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Barth Battles Back

Barth Battles Back

by Josh White

CORAL GABLES, Fla. — Johanna Barth wanted to make a strong first impression.

“I was pretty stressed out because I was eager to be in my best shape,” she said. “I knew I was transferring and I wanted to impress everyone at the new school.”

Barth, who transferred to Miami after two seasons at Wisconsin, set her sights high on carving out a crucial role on the Hurricanes’ soccer team.

In the summer of 2020, amid the COVID-19 pandemic, Barth was back home in Rydeback, Sweden, gearing up for her transition to South Florida.

After catching COVID-19, Barth put her training on pause.

“I started working out as soon as I even felt slightly better,” she recalled.

Barth made the trek across the Atlantic Ocean and arrived in Coral Gables to join her new teammates for summer workouts.

During the initial sessions, Barth was struggling more than she had been accustomed to.

At first, she thought the inactivity coupled with adjusting to Miami’s blazing heat caused the initial adversity.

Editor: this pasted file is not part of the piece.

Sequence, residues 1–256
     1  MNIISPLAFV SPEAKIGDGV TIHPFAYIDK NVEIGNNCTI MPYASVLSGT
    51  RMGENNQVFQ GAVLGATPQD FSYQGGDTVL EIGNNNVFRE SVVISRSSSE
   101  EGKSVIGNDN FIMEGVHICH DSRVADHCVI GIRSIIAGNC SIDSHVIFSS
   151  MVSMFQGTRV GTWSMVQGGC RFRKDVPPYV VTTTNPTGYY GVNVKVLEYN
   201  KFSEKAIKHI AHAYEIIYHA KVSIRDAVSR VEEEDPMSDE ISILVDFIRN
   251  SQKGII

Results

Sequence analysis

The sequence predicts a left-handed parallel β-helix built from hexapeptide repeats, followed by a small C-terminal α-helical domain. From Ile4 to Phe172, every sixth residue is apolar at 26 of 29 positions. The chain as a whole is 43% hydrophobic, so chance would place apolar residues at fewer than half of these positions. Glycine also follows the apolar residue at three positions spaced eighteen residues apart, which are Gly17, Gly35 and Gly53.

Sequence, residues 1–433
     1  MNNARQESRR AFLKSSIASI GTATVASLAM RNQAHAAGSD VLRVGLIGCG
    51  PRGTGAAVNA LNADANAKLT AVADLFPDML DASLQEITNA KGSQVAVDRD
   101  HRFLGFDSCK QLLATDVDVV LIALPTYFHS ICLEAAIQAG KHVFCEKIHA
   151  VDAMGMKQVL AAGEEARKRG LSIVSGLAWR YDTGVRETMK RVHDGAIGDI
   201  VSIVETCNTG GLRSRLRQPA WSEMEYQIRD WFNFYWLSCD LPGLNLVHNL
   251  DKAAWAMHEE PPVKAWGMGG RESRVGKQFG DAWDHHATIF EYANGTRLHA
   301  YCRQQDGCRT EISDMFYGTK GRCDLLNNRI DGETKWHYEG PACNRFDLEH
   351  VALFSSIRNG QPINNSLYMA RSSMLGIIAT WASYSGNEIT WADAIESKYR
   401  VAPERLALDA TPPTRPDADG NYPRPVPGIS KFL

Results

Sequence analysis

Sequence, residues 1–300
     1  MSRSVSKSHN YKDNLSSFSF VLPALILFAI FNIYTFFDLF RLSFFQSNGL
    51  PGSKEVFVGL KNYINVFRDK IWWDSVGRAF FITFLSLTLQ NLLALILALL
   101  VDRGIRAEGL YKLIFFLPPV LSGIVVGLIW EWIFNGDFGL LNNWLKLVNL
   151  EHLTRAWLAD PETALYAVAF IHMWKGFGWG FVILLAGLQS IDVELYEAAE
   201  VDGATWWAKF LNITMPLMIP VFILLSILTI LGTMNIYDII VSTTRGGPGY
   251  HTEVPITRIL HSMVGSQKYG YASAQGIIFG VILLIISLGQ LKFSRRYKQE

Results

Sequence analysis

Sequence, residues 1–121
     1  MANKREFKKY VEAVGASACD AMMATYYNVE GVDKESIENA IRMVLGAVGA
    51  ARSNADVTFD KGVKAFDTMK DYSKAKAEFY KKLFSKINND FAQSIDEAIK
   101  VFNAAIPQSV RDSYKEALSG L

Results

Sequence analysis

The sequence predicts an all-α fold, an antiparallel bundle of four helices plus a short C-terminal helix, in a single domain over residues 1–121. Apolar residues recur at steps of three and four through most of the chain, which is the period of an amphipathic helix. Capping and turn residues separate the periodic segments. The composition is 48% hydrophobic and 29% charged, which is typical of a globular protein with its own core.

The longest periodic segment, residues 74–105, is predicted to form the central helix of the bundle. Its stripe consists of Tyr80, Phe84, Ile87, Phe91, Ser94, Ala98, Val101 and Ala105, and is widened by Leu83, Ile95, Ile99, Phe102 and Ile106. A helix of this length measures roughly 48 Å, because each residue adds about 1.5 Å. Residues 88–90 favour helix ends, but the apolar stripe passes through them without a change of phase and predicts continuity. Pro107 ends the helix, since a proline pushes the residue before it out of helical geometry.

“I would get tired walking upstairs. I’d wake up and have heart palpitations. During preseason scrimmages, I had to walk off. I never had to do that before,” Barth said. “I didn’t want to make any excuses and just figured I was out of shape.”

Barth focused on doing extra conditioning during her free time, going to the campus gym.

“I realize now that I didn’t let myself really feel what I was feeling,” she said. “I started having calf issues and headaches.”

The 5-foot-6 midfielder fought through the pain.

Barth and the Hurricanes traveled up to Jacksonville to play the Clemson Tigers. She logged 14 minutes in her debut in the orange and green but still, something wasn’t right.

When the Canes made the six-hour trip back, Barth was given a stress test and an MRI. The results revealed a high level of inflammation, forcing her to sit out of practice.

While standing on the sideline during training, the team’s athletic trainer, Karl Rennalls, examined Barth. Rennalls noticed her left calf was twice the size of her right.

Rennalls scheduled an ultrasound for Barth.

After conducting the test, the sonographer instructed Barth to talk to the person that sent her.

“At this point, I’m freaking out,” she said. “I called my mom, crying. I walked to Karl’s office and he told me the news.”